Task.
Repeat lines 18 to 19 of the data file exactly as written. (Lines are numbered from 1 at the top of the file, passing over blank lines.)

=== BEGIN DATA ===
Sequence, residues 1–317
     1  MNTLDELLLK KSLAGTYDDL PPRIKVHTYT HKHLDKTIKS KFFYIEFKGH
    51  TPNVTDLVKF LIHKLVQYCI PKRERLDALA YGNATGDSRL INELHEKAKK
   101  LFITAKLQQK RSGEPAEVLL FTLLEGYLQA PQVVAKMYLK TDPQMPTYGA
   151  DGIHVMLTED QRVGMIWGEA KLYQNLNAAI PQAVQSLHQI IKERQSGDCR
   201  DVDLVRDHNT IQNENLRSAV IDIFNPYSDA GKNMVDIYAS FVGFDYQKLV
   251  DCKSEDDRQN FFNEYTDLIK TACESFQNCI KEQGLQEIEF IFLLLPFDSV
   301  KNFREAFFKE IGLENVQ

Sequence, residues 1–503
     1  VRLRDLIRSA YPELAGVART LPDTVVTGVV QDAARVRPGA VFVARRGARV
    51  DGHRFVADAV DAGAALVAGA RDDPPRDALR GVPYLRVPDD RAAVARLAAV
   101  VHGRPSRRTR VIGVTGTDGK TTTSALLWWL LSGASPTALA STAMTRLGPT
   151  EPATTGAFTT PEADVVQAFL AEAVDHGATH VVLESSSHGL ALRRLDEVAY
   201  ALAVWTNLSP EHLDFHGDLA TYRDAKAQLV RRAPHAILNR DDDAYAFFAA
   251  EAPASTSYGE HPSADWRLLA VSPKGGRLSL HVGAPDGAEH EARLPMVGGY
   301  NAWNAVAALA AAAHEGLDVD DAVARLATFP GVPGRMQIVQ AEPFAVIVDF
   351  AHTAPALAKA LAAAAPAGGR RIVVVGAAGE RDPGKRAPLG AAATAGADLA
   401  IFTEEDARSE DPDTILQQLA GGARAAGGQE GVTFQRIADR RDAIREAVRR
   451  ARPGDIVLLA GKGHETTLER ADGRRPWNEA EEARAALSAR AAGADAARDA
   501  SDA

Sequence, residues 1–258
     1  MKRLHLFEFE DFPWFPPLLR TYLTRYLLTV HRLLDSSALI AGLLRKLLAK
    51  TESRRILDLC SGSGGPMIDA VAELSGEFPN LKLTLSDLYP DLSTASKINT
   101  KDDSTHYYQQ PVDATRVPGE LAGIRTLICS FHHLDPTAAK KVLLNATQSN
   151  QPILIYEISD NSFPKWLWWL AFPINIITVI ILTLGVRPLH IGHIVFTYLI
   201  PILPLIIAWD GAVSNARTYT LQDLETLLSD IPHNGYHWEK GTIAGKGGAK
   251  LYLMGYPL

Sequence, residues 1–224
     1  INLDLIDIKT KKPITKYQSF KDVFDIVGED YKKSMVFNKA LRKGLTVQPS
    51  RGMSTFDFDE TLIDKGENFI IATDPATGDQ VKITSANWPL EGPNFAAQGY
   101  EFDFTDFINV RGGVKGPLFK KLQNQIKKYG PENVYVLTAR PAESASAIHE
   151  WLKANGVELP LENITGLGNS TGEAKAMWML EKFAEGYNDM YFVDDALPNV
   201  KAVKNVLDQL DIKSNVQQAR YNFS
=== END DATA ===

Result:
   401  IFTEEDARSE DPDTILQQLA GGARAAGGQE GVTFQRIADR RDAIREAVRR
   451  ARPGDIVLLA GKGHETTLER ADGRRPWNEA EEARAALSAR AAGADAARDA